Saturday, May 18, 2024

What Every Enterprise Software Vendor Should Tell Their Customers

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There’s no time like the present for specific, dramatic, and concrete statements on what enterprise software customers should expect from their vendors in the coming year.

Customers are, like everyone else, scared, very gun-shy, and loathe to buy things they don’t know if they can afford or if they really need. So visibility into the future of enterprise software has become as clouded as everything else in this current economic mess.

It’s time to part the clouds and, if not find the silver lining, at least provide some concrete guidance on what enterprise software vendors are prepared to do for their customers in the coming year. This is as much about what the vendors can do for themselves as for their customers; in tough times like this, there should be less and less distinction between these at times adversarial partners.

There’s a lot of precedent for coming together in times of disaster, and for using that cohesion to build a stronger, and more perfect union. This recession, I believe, offers such an opportunity.

What follows is a template for a speech, or press release, or Youtube video, that I think pretty much every software vendor CEO could, and possibly should, make. Here goes:

My dear customers,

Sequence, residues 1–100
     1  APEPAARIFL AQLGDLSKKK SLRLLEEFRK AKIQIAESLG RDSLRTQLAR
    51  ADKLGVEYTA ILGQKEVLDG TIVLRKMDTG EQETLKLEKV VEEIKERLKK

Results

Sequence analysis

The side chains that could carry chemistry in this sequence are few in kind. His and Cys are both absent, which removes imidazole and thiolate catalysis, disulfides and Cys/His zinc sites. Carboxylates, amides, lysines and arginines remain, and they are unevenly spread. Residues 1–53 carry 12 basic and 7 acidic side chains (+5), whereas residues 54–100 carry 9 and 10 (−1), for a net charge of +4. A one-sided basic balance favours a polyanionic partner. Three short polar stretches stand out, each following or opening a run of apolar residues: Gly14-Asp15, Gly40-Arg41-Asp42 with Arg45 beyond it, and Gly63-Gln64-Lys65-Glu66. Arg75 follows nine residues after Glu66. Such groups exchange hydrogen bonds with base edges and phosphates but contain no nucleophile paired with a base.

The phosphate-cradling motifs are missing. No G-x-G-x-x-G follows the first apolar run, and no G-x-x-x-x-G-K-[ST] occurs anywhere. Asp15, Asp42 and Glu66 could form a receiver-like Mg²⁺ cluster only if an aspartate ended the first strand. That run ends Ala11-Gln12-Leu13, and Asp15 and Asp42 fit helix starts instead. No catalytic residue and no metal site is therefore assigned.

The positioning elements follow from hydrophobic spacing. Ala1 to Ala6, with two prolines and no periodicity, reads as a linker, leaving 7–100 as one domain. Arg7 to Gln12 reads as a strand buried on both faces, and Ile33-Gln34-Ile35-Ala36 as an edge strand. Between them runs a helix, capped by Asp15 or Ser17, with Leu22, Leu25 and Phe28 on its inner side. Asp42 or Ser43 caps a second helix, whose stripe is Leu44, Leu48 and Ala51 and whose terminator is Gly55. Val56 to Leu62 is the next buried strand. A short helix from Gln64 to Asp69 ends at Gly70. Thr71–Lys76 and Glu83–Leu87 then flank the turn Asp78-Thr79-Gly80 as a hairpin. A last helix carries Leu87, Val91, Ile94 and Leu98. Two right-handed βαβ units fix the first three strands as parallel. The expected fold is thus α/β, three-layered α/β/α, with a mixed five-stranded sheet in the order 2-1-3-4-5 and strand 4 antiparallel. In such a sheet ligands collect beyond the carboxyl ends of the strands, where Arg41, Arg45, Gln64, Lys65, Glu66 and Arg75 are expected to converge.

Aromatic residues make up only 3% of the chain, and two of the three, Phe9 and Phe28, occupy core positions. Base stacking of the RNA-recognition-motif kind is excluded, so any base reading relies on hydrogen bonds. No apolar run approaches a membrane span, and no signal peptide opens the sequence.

These are the worst economic conditions that we have seen in our lifetimes, and chances are things are going to get worse before they get better. I want to state categorically that we are in this together, and for once I really mean it.

Our continued survival depends on your continued survival, and in that regard I want to tell you what I’m prepared to do for you. And what I’m hoping you’ll do for me.

I’m rolling back maintenance costs by six percent points until the recession is over. I realize I’m going to get clobbered by Wall Street for this, but, frankly, our stock is so far down it won’t make that much of a difference.

What I want you to do in return is spend that six percent on some of my company’s new products. But only if they make sense in terms of your strategic needs. And that will be my responsibility: To make sure my development people are churning out the products you wish you could buy, if only you had some available capital to do so.

I’m also going to develop ROI cases for every product I sell. Every one. I want you to be able to walk into your board rooms and the office of the CFO and make a measured, rational case for my company’s products.

But I’ll need your help to do that: I want you to start measuring how your company uses software – and derives value out of it – so that I can build a strong, data rich set of ROI cases. The problem with ROI has always been the lack of hard data, particularly on the “before” picture of how companies use the software my company wants to replace. Help everyone better understand your internal ROI, and we’ll all get smarter in the process.